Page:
OK, so I bought the wrong bike. Once it’s back from the bike hospital, I will still love it. But it’s a racy road bike, which is generally not the best choice for commuting. I didn’t know this when I bought it two years ago. It’s kinda like that one time when you went home with the punk band drummer, woke up the next day and went… hmm. Not so smart. Actually, in my case, it’s more like we went to Vegas for a quickie wedding. But I’m committed to it now. We’re not going to Reno.

It turns out, there are a bazillion new bikes out there now that are much better suited for a rainy, dark commute. They go by various names: Commuter bikes, comfort bikes, town bikes… Plus there’s a lot of genre bleeding, with mountainish road bikes and roadish mountain bikes. I love that there are so many to pick from, but the choices are so numerous it’s paralyzing. I started to wonder how I would pick one today, and it all came down to the tires.

The Continental Gatorskin

The Continental Gatorskin

Why? Tires are the most important factors for determining the quality of your ride. It is after all… wait for it… where the rubber meets the road. So let’s talk about sizes and their implications. There are two general classes of bike tire sizes, the 700 mm diameter family, and the 26 inch diameter family. Notice that these families don’t bother to have the same measurement system. Already our families are dysfunctional.

Once you pick a family, that’s it. You can’t change, because the frame is designed around that diameter. But each family also has a second number, the width, which you have a lot more flexibility to mess with. Like so:

700×23: This is a typical tire size you see for road bikes. It refers to a 700 millimeter diameter and 23 millimeter width. This generally translates into tall, skinny, lightweight tires designed more for speed than durability or puncture protection. Which is great for racing or going on a century, but not so much if you’re hitting a lot of rain, potholes, etc.

I’ve upgraded my tires to a tougher commuter spec tire, the Continental Gatorskin, but there’s no room in my frame to go to a much fatter tire, say, a 700×28. There’s just enough clearance to fit a 700 x 25, but at that size there’s no room for full fenders.  I put a 700×25 tire on the back wheel, and even that small change made a huge difference on the rough spots and wet patches. I wish I could go bigger.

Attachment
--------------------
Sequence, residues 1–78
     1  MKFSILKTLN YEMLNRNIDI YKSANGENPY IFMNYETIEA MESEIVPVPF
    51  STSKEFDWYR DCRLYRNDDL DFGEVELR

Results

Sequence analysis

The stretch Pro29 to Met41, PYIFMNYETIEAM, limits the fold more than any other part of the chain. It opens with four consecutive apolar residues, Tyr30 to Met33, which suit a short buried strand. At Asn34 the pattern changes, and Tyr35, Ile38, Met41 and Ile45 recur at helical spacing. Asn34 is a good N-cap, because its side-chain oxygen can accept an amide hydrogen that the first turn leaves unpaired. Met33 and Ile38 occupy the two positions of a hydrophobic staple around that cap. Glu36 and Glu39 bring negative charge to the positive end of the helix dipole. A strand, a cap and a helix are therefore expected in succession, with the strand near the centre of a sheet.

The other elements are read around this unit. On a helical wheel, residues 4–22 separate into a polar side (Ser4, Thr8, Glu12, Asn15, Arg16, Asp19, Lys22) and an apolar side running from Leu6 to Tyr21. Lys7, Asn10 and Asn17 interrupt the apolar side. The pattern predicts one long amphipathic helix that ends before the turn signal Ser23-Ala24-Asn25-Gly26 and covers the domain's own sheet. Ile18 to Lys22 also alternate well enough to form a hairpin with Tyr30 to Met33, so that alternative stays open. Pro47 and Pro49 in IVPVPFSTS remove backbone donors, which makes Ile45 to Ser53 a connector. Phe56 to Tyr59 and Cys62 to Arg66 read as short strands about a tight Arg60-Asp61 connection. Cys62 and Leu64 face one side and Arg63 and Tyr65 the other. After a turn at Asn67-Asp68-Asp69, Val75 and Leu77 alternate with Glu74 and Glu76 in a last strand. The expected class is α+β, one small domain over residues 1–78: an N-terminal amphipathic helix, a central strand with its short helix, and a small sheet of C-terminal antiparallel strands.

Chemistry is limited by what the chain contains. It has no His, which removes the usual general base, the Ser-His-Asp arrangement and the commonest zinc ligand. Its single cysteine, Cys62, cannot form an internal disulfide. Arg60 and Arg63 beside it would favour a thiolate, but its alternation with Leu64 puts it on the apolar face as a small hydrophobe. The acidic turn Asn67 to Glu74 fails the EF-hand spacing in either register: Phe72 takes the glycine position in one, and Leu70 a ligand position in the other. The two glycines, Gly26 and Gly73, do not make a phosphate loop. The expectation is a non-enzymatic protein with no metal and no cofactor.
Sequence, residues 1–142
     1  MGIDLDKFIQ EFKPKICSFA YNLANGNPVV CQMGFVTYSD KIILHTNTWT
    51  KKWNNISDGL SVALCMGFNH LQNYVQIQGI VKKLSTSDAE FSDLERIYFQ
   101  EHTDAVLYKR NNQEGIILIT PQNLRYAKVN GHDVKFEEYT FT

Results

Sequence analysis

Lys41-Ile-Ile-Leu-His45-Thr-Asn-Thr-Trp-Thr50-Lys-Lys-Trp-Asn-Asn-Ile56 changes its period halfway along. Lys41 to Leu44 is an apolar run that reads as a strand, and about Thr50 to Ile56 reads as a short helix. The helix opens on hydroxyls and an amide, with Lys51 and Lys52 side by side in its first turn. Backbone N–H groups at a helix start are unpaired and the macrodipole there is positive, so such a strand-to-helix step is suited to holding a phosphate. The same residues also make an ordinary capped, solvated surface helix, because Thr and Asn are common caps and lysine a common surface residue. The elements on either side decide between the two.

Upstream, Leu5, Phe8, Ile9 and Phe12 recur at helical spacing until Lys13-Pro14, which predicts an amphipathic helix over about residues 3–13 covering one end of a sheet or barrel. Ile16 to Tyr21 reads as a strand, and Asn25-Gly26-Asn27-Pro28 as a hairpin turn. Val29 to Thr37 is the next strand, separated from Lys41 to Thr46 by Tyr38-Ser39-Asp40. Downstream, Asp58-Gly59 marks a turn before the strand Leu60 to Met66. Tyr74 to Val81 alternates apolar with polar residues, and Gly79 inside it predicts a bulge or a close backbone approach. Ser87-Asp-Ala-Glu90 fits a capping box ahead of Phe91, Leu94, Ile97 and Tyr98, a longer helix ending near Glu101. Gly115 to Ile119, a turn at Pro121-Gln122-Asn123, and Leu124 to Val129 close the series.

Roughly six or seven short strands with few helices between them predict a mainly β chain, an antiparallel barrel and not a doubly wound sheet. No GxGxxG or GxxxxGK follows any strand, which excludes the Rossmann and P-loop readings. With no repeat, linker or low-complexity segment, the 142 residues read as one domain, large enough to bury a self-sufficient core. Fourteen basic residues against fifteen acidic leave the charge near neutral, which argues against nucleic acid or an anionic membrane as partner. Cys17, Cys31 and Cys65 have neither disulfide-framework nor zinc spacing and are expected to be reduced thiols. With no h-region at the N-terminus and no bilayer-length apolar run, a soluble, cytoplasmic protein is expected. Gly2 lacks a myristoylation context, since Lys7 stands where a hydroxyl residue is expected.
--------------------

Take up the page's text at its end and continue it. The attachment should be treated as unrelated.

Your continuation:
If I were buying today, I’d probably still get a road bike, because I like the riding position, but I’d get one with a lot more clearance, so I could put a 700 x 28 or even a 30 on there, and a set of full fenders as well.

The Breezer Uptown Infinity

The Breezer Uptown Infinity, with 26''x1.5'' tires

26 x 1.5: This is a typical mountain bike or commuter bike tire, smaller in diameter than a road bike tire. Yes, we have suddenly switched to English measurements instead of metric. Don’t get me started. Suffice to say that the measurements are a little inexact in either system. A 26” diameter is a good choice for a commuter bike, especially in winter. You can put a really beefy, bombproof tire on 26” wheels, for a lot more security and a smoother ride in rough conditions. Plus, your center of gravity is lower, and you’re more stable when things are slippery. Commuter bikes built for 26” wheels are generally more upright, cushier, and more casual than road bikes.

These are really broad generalizations that will vary greatly with your bike, but if speed and weight are the most important things to you, find a bike with 700mm tires, although for commuting I’d still recommend enough clearance for wider tires and fenders.

If reliability, smoothness and the security of a lower center of gravity are more important, I’d go with the 26 inchers.

The next things I’d think about are frame style, brakes and drivetrain, in that order. But that’s for future posts.